Sunday 11 December 2016

Boxing clever - Karl Henry gets inspiration from Bernard Dunne

Karl Henry goes head-to-head with his friend and inspiration, boxer Bernard Dunne

Published 02/11/2016 | 02:30

Roll with the punches: Karl Henry interviews Bernard Dunne
Roll with the punches: Karl Henry interviews Bernard Dunne

There are few things more impressive than the dedication, commitment, motivation and hard work of the professional athlete. I have been lucky enough to see many of Ireland's professional athletes train and I am always blown away by their fitness levels and ability. I have also been lucky enough to get to work with Bernard Dunne, and he remains a good friend. I thought it would be interesting to pick his brains on his life as a professional athlete.

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What does being healthy mean to you?

Healthy to me means feeling good in and about yourself.

What's your favourite type of training?

Running is the training that I enjoy most. I like to run alone. In fairness, I do all my training alone, but when I run I get to just let go of any thoughts and enjoy being outside without distraction.

Who is your sporting idol?

Growing up I loved to watch Sugar Ray Leonard boxing, and tried my best to be like him. I was very fortunate that I ended up getting to work with the man when I lived in Los Angeles.

What do you miss most about being in the ring?

That moment when you are just about to enter the ring and you know what is about to happen. That feeling of anticipation and excitement is just incredible. Those moments of knowing you are about to go one-on-one with another boxer and test yourself technically, physically and mentally are what I thrived on.

What does a normal day, in terms of training and food, look like for a professional boxer?

I would have trained two to three times a day and, depending on the load that day, my food intake would vary.

On the days where I trained three times, I would lift at 7am, go running at 1.30pm and start boxing at 6pm. In between all that I was eating and resting.

How did you get into boxing in the first place?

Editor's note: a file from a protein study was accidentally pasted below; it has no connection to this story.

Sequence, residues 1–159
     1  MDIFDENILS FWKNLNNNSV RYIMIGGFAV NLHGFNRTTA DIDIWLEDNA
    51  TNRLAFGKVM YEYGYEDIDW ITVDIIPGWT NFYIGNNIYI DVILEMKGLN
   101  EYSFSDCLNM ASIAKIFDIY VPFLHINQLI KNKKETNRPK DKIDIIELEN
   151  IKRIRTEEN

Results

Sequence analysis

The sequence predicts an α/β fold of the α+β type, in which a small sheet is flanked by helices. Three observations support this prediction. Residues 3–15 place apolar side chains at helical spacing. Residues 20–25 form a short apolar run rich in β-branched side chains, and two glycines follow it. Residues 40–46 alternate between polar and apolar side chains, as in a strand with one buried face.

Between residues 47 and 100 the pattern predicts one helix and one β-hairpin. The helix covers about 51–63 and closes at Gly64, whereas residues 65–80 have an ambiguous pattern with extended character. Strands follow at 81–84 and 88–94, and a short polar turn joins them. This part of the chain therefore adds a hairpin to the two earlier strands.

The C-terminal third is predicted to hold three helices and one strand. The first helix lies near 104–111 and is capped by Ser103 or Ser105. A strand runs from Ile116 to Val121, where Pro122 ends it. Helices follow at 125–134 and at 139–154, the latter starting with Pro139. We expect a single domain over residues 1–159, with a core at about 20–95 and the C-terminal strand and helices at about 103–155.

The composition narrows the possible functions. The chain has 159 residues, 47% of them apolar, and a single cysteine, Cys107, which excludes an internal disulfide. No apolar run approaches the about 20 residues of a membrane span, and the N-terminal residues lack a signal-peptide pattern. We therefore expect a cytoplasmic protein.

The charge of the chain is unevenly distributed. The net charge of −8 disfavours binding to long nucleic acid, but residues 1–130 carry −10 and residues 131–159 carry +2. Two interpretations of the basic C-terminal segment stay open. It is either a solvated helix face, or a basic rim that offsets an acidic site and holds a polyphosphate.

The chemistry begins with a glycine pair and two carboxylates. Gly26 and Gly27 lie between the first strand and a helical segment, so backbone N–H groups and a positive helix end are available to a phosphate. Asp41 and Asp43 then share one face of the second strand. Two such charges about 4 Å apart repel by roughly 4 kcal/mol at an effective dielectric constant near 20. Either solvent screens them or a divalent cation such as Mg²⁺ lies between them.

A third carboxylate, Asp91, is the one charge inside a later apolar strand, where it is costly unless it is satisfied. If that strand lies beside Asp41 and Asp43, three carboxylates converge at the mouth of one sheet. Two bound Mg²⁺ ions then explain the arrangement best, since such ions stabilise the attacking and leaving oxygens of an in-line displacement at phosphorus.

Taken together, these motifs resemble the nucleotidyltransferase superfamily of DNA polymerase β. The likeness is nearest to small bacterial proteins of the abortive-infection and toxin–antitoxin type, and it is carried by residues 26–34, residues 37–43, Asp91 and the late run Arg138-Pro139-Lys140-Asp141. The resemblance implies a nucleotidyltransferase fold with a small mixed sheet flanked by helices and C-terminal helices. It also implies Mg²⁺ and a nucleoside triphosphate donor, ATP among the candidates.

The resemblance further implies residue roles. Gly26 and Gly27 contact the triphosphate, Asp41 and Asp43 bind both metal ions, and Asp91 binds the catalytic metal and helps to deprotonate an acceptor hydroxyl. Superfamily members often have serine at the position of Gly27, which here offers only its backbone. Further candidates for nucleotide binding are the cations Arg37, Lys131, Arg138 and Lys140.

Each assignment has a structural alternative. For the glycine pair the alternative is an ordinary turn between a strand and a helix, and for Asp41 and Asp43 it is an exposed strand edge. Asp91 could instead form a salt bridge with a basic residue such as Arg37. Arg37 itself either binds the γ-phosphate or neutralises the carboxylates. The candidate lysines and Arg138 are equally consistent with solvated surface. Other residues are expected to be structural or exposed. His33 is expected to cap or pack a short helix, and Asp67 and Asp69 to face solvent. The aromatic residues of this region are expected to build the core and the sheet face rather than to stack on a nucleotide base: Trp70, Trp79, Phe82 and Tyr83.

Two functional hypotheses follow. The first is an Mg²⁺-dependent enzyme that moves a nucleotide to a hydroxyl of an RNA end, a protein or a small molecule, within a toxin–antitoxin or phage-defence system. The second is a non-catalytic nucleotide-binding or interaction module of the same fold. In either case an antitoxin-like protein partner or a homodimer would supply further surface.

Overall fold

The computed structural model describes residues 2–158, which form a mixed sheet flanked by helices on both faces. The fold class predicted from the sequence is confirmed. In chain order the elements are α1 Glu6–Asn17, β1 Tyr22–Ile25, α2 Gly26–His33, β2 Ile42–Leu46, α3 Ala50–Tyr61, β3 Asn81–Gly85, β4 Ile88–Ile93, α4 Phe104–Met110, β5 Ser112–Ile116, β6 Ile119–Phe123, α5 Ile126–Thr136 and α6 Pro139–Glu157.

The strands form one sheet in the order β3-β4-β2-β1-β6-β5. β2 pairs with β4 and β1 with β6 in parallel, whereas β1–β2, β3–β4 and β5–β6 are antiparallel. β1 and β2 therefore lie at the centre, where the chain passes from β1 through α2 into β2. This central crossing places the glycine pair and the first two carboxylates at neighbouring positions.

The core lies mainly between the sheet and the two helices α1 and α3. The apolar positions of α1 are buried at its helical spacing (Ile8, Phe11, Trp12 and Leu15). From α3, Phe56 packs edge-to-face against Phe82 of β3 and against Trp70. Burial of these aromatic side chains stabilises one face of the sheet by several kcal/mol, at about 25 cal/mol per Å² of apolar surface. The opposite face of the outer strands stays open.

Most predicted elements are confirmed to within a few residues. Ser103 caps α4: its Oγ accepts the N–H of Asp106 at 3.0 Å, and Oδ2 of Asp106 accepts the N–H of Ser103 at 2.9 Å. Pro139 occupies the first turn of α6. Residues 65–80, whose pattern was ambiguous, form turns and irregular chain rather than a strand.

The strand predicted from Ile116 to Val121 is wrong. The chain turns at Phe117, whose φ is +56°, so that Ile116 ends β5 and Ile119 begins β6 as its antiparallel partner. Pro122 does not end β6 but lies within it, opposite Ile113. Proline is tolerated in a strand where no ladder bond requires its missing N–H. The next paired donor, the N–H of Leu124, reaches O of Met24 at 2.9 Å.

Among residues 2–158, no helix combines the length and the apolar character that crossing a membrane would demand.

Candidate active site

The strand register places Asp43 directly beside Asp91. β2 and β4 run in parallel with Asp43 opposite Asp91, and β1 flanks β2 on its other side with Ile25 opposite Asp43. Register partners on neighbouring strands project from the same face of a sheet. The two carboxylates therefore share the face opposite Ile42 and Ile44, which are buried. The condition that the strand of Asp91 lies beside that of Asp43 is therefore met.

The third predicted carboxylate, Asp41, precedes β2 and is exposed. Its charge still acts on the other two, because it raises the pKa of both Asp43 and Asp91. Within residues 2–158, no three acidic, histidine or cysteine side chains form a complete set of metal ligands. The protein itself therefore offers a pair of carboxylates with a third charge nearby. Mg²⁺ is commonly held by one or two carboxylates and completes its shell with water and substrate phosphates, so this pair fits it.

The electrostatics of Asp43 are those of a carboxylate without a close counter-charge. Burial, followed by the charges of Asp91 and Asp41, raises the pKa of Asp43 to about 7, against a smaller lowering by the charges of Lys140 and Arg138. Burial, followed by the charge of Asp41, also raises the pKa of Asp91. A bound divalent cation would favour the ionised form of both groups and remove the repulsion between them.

I come from a boxing family. My dad boxed in the 1976 Olympics and my two older brothers boxed, so I was exposed to the sport from a very young age.

What's your favourite treat meal?

I really am not one for treats. Maybe if I have tea, which I do a lot, I might have a jam tart but, apart from that, I'm not really a sweet person.

Sports psychology has become crucial in every sport and I know you do some work in this area. What tips would you give to someone to help improve their own mental preparation and performance?

Your preparation is key to getting the best out of yourself. I go back to those moments I spoke about earlier when I was getting ready to walk into the ring and the excitement and anticipation that would be bursting from me.

I was supremely confident in myself at those moments as I knew that my prep for my fights had been top-notch and I had done all that I could do. And knowing that, now all I had to do was go and enjoy the sport that I had been doing since I was six.

What advice would you give to aspiring boxers in Ireland?

Don't cut corners in training and listen as much as you can to everyone as you never know when you will pick up little golden nuggets of information that will help you develop.

What do you think is the best way to keep kids active?

I think more could be done. I am very much a believer that we should be teaching kids more about life habits and life in general rather than being so focused on academic education in primary school.

Tell us about your new show 'Mythological Heroes'.

It's all about Irish mythology. I have six episodes and they are about stories that I would have grown up reading. It came from an idea I had while reading to my kids. I noticed they had no books about Irish superheroes so I decided to rectify that and bring these stories back to life on TV. It is a mixture of animation and drama. It is aimed at young people but I think most people will enjoy watching them.

Bernard Dunne's 'Mythological Heroes' starts November 3 at 5pm on RTE2

Irish Independent

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